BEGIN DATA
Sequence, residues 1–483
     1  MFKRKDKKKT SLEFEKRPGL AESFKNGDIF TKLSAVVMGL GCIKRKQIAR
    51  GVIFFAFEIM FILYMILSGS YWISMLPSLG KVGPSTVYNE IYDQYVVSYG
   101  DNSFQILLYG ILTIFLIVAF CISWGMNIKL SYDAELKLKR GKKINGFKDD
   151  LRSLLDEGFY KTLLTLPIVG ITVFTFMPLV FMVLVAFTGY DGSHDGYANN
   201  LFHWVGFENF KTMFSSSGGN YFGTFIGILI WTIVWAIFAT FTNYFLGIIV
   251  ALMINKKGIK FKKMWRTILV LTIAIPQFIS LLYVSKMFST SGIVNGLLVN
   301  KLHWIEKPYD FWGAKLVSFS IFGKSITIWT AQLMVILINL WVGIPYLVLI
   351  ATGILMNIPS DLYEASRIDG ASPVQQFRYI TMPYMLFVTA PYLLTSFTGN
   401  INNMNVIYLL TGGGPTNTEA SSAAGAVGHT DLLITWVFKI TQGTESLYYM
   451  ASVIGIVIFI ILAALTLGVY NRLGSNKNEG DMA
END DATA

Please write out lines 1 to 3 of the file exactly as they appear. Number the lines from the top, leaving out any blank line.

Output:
Sequence, residues 1–483
     1  MFKRKDKKKT SLEFEKRPGL AESFKNGDIF TKLSAVVMGL GCIKRKQIAR
    51  GVIFFAFEIM FILYMILSGS YWISMLPSLG KVGPSTVYNE IYDQYVVSYG